For everyone who has been there and felt these awful, frightening, dreadful, sick, insane, unreal, emotions and thoughts ... and we all have .... just keep telling yourselves that all emotions are real and the pain and fright and everything that goes along with them are not to be denied. When I think of the very fine line we all walk between sanity and insanity it scares me to death. And so I share the following story with you to remind us that we can be capable of the unthinkable when we are so overwhelmed that we can no longer handle it.

Many years ago, when I was completely submerged in kids, diapers, runny noses, crying, laundry and all the demands of 8 children under the age of 13 I lost it! There is no one who loves her kids more than me. I adore them and always have. But this one time at 3:00 a.m. in the morning, after hours of colicky screaming and walking the floor that I came close to breaking. I had walked him, fed him, changed him and tried everything I knew to comfort this screaming 8 lbs of humanity. I was completely exhausted and defeated. I stood over his crib, with a pillow in my hands, ready to put it over his little body to quiet him. Just as I was about to the lower the pillow I realized what I was doing and I was socked and numb with the very thought that I could contemplate such a deed. It scared me to death! I was horrified to think that I had even thought about harming this beautiful little boy. I threw the pillow across the room and left him screeching in his bassinet and got into the shower. I let the shower run over me and every so often would stick my head out from under the water and listen. If he was still crying I got back under the water. I have never prayed so hard for help and sanity to and thank God my prayers were answered.

When I finally got out of the shower, he had stopped crying from sheer exhaustion and had fallen into a wonderful peaceful sleep as only these precious infants can. I sobbed and thanked God that He had stopped me from doing the unthinkable. That baby is now a wonderful, healthy 40 year old man that I love with all my heart.

Thanks for listening. Hang in there everyone. Almighty God and our guardian angels are standing with us and understand our frustrations!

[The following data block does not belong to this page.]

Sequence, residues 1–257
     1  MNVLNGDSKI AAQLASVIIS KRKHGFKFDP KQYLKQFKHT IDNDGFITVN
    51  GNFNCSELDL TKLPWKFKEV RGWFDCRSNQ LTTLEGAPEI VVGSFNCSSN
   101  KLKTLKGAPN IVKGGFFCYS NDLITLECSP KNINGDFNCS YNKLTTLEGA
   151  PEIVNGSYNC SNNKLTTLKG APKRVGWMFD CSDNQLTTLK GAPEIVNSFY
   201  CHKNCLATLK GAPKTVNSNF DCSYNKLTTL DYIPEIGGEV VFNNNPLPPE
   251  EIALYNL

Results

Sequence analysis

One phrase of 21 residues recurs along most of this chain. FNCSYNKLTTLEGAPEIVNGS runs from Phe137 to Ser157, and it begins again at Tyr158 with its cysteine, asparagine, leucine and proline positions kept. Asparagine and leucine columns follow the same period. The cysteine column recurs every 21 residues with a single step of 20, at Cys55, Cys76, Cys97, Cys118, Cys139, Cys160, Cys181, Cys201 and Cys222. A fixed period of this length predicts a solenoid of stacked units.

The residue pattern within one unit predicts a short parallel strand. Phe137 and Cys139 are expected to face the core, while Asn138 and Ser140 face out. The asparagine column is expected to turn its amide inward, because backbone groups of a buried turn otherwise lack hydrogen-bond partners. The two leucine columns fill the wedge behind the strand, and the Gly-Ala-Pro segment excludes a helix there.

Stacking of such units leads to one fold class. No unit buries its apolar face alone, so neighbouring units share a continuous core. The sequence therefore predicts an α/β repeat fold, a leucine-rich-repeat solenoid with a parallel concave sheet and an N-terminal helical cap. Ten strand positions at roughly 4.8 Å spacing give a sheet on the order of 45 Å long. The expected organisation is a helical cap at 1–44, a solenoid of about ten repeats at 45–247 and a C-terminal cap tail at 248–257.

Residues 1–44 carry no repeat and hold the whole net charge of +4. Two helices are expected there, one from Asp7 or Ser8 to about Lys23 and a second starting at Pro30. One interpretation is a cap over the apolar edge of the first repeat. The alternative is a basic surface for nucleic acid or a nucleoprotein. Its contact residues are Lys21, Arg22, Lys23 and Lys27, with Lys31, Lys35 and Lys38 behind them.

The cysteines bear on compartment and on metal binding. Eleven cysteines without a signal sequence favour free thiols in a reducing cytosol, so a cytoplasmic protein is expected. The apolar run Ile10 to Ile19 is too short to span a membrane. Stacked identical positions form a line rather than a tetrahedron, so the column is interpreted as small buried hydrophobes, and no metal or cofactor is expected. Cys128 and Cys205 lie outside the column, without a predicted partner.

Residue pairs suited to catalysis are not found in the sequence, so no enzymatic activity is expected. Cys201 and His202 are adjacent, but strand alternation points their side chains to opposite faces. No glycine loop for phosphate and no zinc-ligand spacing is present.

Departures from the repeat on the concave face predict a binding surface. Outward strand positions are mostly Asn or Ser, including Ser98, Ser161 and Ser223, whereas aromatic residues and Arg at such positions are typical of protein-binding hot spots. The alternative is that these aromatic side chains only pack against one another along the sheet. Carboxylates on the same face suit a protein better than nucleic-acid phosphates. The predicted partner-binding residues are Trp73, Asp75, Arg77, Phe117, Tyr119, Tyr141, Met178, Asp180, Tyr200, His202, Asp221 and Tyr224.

By LouAnn On 2007.12.01 20:03
Oh, you dear, dear people--can't imagine how you're holding up, except for the providential strength instilled in you, plus this interchange where one can pour out their hearts. What I endured with my PD mother pales when I read of the accounts of horror you are going through. Wish I could fix it! Research can't produce a cure, slow-down, preventative soon enough. Whatever, however, which I realize is extremely difficult, take care of yourselves. My prayers, Lou Ann

By annwood On 2007.12.01 20:08
Punky - it took a great deal to share that story. I applaud you because most people have been there but just can't admit it. Our minds and bodies can just take so much and then we start fantazing about what it would take to get us out of the situation. I guess it is our moral fiber that eventually wins out but there is a struggle that is for sure.

I got 8 hrs of sleep last night so I am feeling better. Went to Hospice today to see my husband and after 2 hrs he fell asleep and I left. Got some Xmas shopping done and bought deli food which I enjoyed ALONE with a glass of wine. Life is good today. As for my hubby they have snowed him with Haldol and Ativan so perhaps he is also catching up on his sleep. My guess is I will be bringing him back home in a few days but perhaps I will be recharged and better able to cope.

By katiesmom On 2007.12.01 22:52
Thanks for sharing. Your story sounds too familiar. It helps to know that we are not alone, sometimes that is all we have to hang on to.

By jockdoc On 2007.12.02 07:15
Thanks Punky for sharing that beautiful story. You are truly a blessed person. I have often said that God's help shows up sometimes about 5 minutes berfore its too late. I shall never forget your story. Jock Doc and Barb


© 2003-2017 MyParkinsons.org · Privacy Policy & Terms of Use
Published by jAess Media. This website and Forum is sponsorsed by people like you